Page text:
Tagged With 2FA

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Just last week, Instagram confirmed reports that it's working on modifications to its two-factor authentication setup that will allow you to create passcodes in your favourite security app - like Google Authenticator, for example. While this isn't the sexiest of news, it's great to see this security practice growing in popularity: using an app, rather than a text message, to authenticate into other apps and services.

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Until now, in order to use two-factor authentication (2FA) with your Facebook account you needed to give Facebook your phone number. Which seemed a little dumb as, in order to improve your privacy, you needed to give the largest data collection service in the world more data. But that's changed with a new 2FA system coming into play that lets you use third party authenticators.

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Facebook recently added two-factor authentication (2FA) to their network, plugging a long-standing security issue. The new system works using several different options for the second authentication factor including a security code sent to you via SMS. But it turns out people got a lot more messages than they bargained for when they took this option. As a result, users started getting notifications over SMS that had nothing to do with security.

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A long, long time ago, having a good password was all you needed to make sure your Gmail (or other online) account was secure. Now, if you don't have two-factor authentication, or 2FA, then you're missing out on a really simple way to protect yourself. Why, then, do less than 10 per cent of Gmail users have 2FA enabled? Great question.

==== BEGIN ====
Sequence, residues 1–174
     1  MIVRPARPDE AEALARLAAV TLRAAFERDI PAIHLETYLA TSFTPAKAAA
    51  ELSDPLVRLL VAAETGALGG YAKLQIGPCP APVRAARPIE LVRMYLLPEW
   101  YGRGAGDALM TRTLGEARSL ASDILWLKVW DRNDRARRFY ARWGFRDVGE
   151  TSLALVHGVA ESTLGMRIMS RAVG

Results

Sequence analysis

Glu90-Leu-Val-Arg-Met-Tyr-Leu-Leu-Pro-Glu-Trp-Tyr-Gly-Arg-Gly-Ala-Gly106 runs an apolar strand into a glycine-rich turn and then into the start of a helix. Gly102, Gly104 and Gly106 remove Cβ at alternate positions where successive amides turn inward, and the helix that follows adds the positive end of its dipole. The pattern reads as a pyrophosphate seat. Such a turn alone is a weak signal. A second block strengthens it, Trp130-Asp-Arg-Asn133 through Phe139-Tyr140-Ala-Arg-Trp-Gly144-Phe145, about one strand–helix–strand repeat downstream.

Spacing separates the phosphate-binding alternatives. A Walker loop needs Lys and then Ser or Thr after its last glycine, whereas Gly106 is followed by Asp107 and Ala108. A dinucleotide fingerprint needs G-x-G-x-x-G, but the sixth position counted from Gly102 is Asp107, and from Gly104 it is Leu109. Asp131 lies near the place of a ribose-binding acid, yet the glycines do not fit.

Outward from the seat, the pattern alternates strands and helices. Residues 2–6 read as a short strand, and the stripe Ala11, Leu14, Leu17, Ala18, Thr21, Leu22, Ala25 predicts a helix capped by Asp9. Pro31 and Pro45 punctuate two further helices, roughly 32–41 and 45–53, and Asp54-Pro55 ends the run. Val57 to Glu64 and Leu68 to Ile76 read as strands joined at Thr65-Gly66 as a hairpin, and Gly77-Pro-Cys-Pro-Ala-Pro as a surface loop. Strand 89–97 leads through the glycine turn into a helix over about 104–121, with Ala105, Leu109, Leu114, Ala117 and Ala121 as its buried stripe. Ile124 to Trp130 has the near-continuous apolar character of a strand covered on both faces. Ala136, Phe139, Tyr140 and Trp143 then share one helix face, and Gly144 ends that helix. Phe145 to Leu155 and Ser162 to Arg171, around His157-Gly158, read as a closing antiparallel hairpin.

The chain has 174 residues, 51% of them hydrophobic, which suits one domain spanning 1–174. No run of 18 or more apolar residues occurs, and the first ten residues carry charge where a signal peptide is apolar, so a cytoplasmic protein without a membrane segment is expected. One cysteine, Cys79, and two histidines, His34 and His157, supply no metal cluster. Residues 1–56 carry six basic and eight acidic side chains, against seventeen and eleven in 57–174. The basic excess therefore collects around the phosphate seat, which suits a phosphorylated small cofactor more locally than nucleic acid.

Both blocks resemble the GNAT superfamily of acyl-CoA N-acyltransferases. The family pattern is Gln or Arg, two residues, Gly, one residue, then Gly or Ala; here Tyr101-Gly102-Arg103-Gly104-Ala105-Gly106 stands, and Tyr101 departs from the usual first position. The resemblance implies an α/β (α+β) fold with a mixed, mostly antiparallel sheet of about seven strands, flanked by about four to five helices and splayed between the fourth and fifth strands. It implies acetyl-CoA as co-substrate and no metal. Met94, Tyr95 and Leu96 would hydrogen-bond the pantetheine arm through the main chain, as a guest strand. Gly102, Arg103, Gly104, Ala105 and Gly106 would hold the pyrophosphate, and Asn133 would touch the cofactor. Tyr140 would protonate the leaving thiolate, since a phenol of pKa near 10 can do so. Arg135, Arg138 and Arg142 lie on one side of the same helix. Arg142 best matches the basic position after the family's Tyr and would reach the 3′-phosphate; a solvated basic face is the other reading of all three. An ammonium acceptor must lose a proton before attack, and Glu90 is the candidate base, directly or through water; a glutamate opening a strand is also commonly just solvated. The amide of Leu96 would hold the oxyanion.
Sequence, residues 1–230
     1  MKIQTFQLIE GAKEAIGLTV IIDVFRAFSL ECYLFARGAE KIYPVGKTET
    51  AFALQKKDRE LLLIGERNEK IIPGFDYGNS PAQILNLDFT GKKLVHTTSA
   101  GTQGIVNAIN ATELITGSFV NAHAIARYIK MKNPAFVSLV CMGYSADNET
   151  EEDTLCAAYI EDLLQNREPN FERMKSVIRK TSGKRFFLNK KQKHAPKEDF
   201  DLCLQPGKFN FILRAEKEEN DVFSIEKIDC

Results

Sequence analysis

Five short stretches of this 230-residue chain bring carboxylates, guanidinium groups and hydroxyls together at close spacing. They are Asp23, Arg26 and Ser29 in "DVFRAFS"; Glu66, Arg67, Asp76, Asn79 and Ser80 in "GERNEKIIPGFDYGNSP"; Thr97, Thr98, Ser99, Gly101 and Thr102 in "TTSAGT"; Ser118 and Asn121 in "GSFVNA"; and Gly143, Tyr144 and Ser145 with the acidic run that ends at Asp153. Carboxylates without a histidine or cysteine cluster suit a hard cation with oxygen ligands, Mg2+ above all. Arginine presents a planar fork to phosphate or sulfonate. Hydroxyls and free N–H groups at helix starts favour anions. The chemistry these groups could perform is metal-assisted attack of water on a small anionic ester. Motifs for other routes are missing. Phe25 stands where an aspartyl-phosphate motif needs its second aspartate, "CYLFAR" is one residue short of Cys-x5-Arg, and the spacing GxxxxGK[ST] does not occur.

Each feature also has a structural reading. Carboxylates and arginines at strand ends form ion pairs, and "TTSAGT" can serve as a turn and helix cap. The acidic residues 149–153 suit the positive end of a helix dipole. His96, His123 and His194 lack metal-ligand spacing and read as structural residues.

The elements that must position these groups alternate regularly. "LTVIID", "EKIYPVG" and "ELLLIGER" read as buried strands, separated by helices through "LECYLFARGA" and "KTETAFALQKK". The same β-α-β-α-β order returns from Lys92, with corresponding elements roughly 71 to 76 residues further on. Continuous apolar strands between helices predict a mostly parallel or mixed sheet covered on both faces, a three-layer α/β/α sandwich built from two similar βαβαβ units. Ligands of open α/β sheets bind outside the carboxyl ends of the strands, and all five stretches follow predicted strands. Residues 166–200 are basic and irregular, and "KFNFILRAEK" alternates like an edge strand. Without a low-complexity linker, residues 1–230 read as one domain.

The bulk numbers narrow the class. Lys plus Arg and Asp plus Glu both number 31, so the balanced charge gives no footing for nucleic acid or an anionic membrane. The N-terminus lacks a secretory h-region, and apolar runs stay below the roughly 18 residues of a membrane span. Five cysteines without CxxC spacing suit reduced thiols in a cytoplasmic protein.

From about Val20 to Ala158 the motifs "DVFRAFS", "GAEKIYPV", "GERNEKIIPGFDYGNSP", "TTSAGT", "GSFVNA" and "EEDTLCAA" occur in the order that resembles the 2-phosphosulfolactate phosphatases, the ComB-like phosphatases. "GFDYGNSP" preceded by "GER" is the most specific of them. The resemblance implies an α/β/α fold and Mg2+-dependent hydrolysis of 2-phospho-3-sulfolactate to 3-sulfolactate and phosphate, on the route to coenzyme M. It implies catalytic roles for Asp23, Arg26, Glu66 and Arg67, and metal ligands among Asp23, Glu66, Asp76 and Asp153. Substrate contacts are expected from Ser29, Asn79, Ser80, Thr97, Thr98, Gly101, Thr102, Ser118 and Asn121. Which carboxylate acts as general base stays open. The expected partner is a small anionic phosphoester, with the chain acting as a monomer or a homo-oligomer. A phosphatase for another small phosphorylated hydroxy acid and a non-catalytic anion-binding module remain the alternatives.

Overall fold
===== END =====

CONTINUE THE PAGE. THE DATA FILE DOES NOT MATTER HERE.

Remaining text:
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Dropbox has jumped on the two-factor authentication (2FA) bandwagon with changes to their mobile app. Now, when an attempt is made to log into your Dropbox account, a notification is sent to your mobile device where you can tap a button to authenticate your identity. There's no code to enter.

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One of the primary vehicles used by bad guys to access our systems is stealing log-in credentials in order to impersonate real users. All the security processes and tools in the world are circumvented when someone has your username and password. That's where two-factor authentication (2FA) comes into play. 2FA works by adding another authentication challenge to the equation. It's not just about what you know - your password, it's also about something you have. That's where the authenticator apps from Microsoft and Google come into play.

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Two-factor authentication is often touted as a great tool for thwarting threat actors who steal or guess account credentials in order to break into systems. Microsoft Authenticator is a new app for iOS, Android and Windows Phone that ditches passwords for Windows log-ins with one-time passcode that are delivered to your smartphone.